England History. The Luddites and the Combination Acts
Source: University of Massachusetts, Dartmouth;
Hansard’s Parliamentary Debates, New Series, XI, 811-813; in A. Aspinall and E. Anthony Smith, eds., English Historical Documents, XI, 1783-1832, New York: Oxford University Press, 1959,.pp. 752-54. A Parliamentary Committee appointed to inquire into laws against the emigration of artisans was used by Francis Place (1771-1854) and Joseph Hume (1777-1855), both Parliamentary Radicals and proponents of laissez faire, to repeal the Combination Acts in 1824. This made trades unions legal in Britain.
1. That it appears, by the evidence before the Committee, that combinations of workmen have taken place in England, Scotland and Ireland, often to a great extent, to raise and keep up their wages, to regulate their hours of working, and to impose restrictions on the masters, respecting apprentices or others whom they might think proper to employ; and that, at the time the evidence was taken, combinations were in existence, attended with strikes or suspension of work; and that the laws have not hitherto been effectual to prevent such combinations.
2. That serious breaches of the peace and acts of violence, with strikes of the workmen, often for very long periods, have taken place, in consequence of, and arising out of the combinations of workmen, and been attended with loss to both the masters and the workmen, and with considerable inconvenience and injury to the community.
3. That the masters have often united and combined to lower the rates of their workmen’s wages, as well as to resist a demand for an increase, and to regulate their hours of working; and sometimes to discharge their workmen who would not consent to the conditions offered to them; which have been followed by suspension of work, riotous proceedings, and acts of violence.
4. That prosecutions have frequently been carried on, under the Statute and the Common Law against the workmen, and many of them have suffered different periods of imprisonment for combining and conspiring to raise their wages, or to resist their reduction, and to regulate their hours of working.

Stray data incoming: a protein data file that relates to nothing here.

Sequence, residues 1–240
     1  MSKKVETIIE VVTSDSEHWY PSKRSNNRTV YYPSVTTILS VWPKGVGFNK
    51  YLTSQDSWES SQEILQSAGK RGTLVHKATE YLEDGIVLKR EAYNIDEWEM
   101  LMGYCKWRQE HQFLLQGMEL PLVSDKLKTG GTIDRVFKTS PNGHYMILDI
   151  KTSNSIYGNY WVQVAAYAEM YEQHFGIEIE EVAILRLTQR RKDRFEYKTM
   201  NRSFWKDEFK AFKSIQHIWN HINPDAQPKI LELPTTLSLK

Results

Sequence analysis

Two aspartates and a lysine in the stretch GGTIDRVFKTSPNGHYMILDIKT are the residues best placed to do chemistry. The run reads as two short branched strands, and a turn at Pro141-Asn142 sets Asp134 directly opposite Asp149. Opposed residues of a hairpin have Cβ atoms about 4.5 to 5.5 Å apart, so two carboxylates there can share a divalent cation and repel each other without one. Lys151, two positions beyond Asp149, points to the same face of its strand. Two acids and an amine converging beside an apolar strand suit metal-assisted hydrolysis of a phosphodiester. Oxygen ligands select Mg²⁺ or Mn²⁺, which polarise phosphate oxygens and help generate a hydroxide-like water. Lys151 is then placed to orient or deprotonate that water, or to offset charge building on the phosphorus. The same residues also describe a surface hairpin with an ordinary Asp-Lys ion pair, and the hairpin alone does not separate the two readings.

5. That several instances have been stated to the Committee, of prosecutions against masters for combining to lower wages and to regulate the hours of working; but no instance has been adduced of any master having been punished for that offence.
6. That the laws have not only not been efficient to prevent combinations either of masters or workmen, but, on the contrary, have, in the opinion of many of both parties, had a tendency to produce mutual irritation and distrust, and to give a violent character to the combinations, and to render them highly dangerous to the peace of the community.
7. That it is the opinion of this Committee that masters and workmen should be freed from such restrictions as regard the rate of wages and the hours of working, and be left at perfect liberty to make such agreements as they may mutually think proper.
8. That, therefore, the Statute Laws that interfere in these particulars between masters and workmen, should be repealed; and also that the common law, under which a peaceable meeting of masters or workmen may be prosecuted as a conspiracy, should be altered.
9. That the Committee regret to find from the evidence, that societies, legally enrolled as benefit societies, have been frequently made the cloak, under which funds have been raised for the support of combinations and strikes, attended with acts of violence and intimidation; and without recommending any specific course, they wish to call the attention of the House to the frequent perversion of these institutions from their avowed and legitimate objects.
10. That the practice of settling disputes by arbitration between masters and work-men, has been attended with good effects; and it is desirable that the laws which direct and regulate arbitration, should be consolidated, amended, and made applicable to all trades.
11. That it is absolutely necessary, when repealing the Combination Laws, to enact such a law as may efficiently, and by summary process, punish either workmen or masters who, by threats, intimidation or acts of violence, should interfere with that perfect freedom which ought to be allowed to each party, of employing his labour or capital in the manner he may deem most advantageous.